Bryant says she understands that sometimes what Hillard needs is just friendship. "As most women, we want to be as independent as we can."
Hillard, who will celebrate turning 56 Friday, says her health problems began at age 22 when cervical cancer was detected. Next, doctors found she had melanoma. Ten years ago, she had thyroid surgery and it was discovered that a tumor had formed on her spine, limiting her ability to walk. The type of cancer she has is extremely rare. "Even the doctor had to look it up," says Hillard, who suffers from tumors in her leg, limiting her ability to stand for very long.
Pain medication helps, but it takes its toll.
"I have real good days and some days she comes and I'm just out of it," Hillard says.
Bryant, a volunteer for hospice since retiring as a school teacher in 2002, says she had thought about it since her stepmother received hospice care in 1989 in Ashland.
"I thought I'd give it a try and see if it's a good fit."
Bryant has found that she likes helping others and she's not alone. She is among 82 volunteers for hospice, which serves Boyle, Garrard, Lincoln and Mercer counties. Some volunteers work with terminally ill patients or transitional patients, who still are seeking treatments for their illness. Other volunteers simply help out in hospice's Broadway office doing paperwork or keeping an eye on medical supplies.
Wendy Cox, who has served as director of volunteer services for eight years, says if anyone has 45 minutes to spare, she can find a service for them to provide from light housework or yard work to staying with a patient while the caregiver gets out of the house. "The main thing our volunteers do is support the family, provide emotional support," says Cox.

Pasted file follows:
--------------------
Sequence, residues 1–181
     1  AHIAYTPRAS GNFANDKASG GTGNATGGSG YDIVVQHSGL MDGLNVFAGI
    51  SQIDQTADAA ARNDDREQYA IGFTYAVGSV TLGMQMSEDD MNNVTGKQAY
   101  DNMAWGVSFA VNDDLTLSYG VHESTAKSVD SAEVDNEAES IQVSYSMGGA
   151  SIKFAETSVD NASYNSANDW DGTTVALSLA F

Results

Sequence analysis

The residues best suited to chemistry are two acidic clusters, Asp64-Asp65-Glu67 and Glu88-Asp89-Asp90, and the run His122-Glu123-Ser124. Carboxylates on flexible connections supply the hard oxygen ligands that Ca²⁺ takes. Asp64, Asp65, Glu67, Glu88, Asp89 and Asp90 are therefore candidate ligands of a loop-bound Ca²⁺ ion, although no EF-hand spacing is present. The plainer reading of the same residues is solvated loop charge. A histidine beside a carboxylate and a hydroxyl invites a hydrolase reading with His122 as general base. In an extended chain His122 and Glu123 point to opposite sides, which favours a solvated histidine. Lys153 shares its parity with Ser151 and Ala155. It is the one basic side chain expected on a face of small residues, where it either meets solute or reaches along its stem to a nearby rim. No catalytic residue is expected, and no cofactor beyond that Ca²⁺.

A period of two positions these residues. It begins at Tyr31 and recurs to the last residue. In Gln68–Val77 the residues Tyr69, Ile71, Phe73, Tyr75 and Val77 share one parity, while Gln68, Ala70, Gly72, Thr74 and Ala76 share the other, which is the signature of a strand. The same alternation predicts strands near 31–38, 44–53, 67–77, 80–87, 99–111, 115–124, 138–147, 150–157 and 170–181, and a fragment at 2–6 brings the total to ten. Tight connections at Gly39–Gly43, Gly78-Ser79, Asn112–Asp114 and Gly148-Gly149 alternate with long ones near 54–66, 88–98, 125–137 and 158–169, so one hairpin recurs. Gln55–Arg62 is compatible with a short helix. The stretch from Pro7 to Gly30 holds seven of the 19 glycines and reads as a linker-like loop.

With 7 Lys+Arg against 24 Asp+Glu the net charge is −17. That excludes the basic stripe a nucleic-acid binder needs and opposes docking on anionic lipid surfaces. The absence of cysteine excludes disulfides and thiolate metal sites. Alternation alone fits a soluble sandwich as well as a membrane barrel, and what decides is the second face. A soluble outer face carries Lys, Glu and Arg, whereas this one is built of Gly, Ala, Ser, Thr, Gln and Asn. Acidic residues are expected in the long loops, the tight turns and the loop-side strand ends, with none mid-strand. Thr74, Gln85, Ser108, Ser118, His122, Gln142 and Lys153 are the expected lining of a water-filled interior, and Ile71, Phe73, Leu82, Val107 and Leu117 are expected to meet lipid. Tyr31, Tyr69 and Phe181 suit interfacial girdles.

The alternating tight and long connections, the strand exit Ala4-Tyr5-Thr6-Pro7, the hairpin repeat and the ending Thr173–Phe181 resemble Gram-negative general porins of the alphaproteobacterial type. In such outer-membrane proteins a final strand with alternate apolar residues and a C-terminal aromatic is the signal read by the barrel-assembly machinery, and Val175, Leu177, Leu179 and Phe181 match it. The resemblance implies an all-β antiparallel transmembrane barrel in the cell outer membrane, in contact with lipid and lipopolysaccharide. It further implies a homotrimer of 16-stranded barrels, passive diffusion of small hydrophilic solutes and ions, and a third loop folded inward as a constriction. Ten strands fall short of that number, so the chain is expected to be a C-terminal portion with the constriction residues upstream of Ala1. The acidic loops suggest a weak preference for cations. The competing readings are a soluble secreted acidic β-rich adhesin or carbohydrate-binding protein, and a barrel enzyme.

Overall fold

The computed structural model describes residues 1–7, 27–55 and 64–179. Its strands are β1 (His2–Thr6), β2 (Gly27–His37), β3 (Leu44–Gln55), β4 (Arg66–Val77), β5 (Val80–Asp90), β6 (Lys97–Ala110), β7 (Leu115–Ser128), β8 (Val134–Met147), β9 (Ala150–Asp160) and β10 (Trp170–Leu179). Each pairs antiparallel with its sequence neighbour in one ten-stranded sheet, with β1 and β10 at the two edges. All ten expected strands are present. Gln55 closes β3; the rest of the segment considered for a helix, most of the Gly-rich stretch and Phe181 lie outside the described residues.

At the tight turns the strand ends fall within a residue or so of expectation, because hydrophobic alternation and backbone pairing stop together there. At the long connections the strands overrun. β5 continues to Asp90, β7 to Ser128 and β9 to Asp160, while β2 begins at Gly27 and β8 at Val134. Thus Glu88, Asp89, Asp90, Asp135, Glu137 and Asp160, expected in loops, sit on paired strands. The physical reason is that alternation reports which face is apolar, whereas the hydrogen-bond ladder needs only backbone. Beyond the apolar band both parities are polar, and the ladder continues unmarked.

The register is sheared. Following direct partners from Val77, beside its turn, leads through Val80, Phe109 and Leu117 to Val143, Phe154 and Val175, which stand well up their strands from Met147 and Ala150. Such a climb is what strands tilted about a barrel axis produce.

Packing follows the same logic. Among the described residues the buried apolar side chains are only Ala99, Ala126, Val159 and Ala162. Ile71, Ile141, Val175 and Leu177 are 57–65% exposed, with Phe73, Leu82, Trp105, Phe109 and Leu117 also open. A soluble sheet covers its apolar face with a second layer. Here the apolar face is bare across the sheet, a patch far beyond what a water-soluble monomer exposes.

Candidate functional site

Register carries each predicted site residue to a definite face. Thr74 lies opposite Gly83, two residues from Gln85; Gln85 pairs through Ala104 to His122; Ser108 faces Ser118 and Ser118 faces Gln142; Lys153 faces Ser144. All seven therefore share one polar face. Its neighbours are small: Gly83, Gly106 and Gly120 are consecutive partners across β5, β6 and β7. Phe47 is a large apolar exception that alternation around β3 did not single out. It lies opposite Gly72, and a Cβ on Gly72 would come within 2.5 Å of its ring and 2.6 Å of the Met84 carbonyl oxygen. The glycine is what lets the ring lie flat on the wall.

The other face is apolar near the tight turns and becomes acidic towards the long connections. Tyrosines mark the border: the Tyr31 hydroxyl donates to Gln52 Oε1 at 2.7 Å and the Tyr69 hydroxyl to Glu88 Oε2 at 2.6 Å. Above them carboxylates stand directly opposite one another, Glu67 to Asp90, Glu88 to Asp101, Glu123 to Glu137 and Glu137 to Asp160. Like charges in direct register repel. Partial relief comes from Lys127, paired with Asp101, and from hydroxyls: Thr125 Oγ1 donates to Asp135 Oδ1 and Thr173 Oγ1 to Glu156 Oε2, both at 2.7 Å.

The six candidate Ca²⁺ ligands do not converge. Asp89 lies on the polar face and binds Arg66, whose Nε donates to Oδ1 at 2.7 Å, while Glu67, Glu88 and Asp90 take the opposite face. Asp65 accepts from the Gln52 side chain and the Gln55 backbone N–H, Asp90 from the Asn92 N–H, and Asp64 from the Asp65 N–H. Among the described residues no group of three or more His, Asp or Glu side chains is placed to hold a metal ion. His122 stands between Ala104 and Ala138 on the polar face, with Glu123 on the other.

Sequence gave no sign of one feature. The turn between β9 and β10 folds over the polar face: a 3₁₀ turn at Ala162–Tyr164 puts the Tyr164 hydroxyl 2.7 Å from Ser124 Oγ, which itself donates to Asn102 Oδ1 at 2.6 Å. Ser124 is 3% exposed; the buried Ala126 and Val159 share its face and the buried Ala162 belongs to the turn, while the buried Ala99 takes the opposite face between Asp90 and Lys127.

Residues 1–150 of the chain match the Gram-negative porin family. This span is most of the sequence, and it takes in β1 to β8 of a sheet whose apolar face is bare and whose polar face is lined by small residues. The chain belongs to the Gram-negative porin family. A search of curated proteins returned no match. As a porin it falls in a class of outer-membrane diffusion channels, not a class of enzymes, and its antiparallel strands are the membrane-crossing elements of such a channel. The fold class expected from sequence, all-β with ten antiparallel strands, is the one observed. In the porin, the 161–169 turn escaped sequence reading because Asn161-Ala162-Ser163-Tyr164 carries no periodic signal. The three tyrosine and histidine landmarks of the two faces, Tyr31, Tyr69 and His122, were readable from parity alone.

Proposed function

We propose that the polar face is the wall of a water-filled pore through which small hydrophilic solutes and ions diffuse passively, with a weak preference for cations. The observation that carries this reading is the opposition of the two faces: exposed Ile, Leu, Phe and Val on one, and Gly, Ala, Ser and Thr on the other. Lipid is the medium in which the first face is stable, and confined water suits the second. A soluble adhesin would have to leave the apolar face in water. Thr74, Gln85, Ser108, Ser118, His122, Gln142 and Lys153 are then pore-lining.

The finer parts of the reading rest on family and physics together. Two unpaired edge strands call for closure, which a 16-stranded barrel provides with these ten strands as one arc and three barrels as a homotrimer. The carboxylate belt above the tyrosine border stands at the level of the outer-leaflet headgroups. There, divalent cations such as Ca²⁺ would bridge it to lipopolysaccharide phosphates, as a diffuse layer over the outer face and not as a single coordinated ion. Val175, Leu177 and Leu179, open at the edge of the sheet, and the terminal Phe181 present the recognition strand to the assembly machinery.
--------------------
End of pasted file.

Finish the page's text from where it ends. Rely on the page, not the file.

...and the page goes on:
Volunteers also help with the office work load.
"We'd have to hire a lot of additional people if we didn't have our volunteers," Cox says.
Hospice, which is funded by United Way, requires volunteers to complete a 16-hour training program.
Many of the volunteers, like Bryant, came to the program after a family member was served by hospice. Ben and Renie Zimmerman have been volunteering four years. Danna Hoffmaster, who recently started making teddy bears that hospice patients will receive, has been serving three years.
"We've got the time, we might as well do something good instead of sitting around doing nothing," says Ben Zimmerman, who mostly works around the hospice office.
His wife provides help to a transitional patient.
"I think a lot of the time, what I do is support the caregiver," Renie Zimmerman says.
Sometimes they go to lunch.
"She never gets out and she needs to get out," says Renie Zimmerman, who is a cancer survivor.
Hoffmaster, who also helps a transitional patient, says she often stays with her patient's husband because he's sick, too. Her time at their home allows the patient to get out of the house.
"They're so happy to see you when you show up," says Hoffmaster, who might do a task such as washing the dishes while at the patient's home.
For Hoffmaster's teddy bear project, Cox says hospice needs donations of fabrics to make the bears.
Hoffmaster, whose mother received hospice services for six months, says hospice helped her emotionally through a difficult time. "The comfort someone else gives you at the time is enough to make you want to do the same thing."
Zimmerman says she receives as much as she gives from volunteering. "You think you're helping someone else, but you're getting more from it."
Hillard, whose family lives far away except for her husband, Rex, says she never even knew about hospice before her doctor mentioned it, but she is grateful for the nurse, social worker and volunteers they have sent.
"I mostly depend on hospice for everything."